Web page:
INGREDIENTS: (makes 6 donuts)

2 tbsp butter
1 cup cake flour
1/4 cup sugar
1 tsp baking powder
1 tsp matcha powder
1/4 cup milk
2 tbsp butter, melted
1 egg
1/2 bar good quality white chocolate, melted
candied lemon bits (optional)
(matcha glaze)
1 tsp matcha powder
1/4 tsp hot water
1 cup confectioners' sugar
tiny amount of water if necessary


First grease the donut molds with some melted butter, oil or non stick spray. In a bowl, sift in flour, sugar, baing powder and a teaspoon of matcha powder and mix well to combine. Next, add in the milk, melted butter and egg. Mix until the batter is smooth. Pour the batter into the donut molds. Then give it a couple of taps to eliminate any air bubbles. Bake for 12-15 minutes at 180C/350F or until a toothpick inserted comes out clean.

To make the glaze, combine the matcha powder and hot water and mix until smooth. Add to a cup of confectioners's sugar and mix until the consistency of glaze. It shouldn't be too thick or too thin. If it's too thick, add just a tiny amount of water and mix until you get the right consistency.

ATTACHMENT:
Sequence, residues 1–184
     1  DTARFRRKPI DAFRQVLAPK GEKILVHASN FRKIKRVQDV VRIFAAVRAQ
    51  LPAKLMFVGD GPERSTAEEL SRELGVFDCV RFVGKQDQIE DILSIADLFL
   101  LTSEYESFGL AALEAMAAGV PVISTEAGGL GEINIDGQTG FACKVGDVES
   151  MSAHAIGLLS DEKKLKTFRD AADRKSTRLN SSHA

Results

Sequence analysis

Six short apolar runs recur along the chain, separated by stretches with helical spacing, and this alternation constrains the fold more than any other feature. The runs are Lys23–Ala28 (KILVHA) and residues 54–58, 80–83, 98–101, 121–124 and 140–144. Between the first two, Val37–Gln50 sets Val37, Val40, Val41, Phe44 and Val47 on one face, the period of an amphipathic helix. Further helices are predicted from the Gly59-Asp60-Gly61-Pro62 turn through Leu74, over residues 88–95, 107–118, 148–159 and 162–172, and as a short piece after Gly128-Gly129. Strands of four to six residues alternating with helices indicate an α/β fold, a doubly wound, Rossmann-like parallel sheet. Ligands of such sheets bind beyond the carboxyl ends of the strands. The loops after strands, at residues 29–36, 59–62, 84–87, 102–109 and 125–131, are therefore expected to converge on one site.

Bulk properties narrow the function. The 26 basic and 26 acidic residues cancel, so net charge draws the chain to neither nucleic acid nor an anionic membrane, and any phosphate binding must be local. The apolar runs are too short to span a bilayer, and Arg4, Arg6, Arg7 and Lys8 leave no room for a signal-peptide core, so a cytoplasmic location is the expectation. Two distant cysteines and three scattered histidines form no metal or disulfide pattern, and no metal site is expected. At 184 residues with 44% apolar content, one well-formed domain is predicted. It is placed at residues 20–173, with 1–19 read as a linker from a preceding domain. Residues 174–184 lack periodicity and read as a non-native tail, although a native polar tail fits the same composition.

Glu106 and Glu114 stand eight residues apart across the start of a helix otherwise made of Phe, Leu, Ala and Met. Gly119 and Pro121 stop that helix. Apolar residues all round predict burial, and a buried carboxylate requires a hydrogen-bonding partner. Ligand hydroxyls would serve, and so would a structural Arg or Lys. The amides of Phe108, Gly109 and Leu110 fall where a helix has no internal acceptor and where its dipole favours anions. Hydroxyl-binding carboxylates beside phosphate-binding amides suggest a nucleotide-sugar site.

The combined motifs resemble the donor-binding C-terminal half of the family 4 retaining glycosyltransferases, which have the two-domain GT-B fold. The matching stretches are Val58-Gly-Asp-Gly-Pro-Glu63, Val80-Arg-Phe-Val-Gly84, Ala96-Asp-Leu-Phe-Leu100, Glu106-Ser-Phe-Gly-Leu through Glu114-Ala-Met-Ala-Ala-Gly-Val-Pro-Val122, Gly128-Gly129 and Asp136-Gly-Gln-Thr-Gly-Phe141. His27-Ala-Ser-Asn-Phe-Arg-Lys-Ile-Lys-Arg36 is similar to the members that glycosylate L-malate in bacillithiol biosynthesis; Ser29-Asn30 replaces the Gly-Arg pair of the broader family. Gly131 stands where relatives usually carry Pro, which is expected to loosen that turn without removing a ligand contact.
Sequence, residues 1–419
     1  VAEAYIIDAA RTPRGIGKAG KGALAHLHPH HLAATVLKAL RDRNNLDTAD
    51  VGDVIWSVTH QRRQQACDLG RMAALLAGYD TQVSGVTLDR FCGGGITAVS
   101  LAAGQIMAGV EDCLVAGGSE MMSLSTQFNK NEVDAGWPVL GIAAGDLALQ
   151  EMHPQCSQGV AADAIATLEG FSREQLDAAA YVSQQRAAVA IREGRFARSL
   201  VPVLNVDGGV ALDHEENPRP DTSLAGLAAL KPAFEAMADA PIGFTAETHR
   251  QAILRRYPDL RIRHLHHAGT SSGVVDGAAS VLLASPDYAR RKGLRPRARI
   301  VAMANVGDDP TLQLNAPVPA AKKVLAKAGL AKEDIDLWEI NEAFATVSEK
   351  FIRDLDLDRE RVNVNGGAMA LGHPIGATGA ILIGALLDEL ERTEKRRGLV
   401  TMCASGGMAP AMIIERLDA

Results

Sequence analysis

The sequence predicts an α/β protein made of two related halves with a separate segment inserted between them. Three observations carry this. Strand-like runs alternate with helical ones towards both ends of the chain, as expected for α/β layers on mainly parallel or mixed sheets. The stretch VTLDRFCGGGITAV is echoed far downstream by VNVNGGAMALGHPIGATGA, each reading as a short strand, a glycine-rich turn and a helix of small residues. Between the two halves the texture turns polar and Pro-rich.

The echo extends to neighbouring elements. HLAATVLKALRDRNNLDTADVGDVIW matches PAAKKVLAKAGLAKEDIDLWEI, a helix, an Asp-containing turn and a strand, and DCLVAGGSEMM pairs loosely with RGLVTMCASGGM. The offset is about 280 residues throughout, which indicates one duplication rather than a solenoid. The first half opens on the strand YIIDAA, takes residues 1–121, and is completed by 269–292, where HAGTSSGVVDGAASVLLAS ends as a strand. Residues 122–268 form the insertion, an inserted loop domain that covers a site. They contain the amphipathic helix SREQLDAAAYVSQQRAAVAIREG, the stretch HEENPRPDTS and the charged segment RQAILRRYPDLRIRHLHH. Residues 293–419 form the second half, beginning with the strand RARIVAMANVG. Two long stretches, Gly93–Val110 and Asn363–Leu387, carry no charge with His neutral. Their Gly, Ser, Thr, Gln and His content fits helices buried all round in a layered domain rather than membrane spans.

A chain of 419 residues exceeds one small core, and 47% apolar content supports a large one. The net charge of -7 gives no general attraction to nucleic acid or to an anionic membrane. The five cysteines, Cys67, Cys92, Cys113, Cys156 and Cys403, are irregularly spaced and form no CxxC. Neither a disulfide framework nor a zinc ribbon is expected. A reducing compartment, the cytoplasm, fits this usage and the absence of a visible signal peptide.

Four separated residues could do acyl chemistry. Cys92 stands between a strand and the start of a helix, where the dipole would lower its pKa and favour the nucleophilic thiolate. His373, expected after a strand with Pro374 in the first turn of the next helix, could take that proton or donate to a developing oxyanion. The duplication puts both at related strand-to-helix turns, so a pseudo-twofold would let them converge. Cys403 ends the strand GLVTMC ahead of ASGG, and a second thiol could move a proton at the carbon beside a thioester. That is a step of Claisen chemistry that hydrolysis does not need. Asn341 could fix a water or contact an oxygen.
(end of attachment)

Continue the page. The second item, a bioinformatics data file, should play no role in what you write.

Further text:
Once donuts are done, take them out and cool completely before glazing. Once they have cooled, dip them into the matcha glaze and put them on a wire rack to let the glaze set. Drizzle on the white chocolate and top with candied lemon if you like. If I'm serving them right away, I like to add some fresh lemon zest on top for extra lemony flavor. Enjoy!

Sunday, July 2, 2017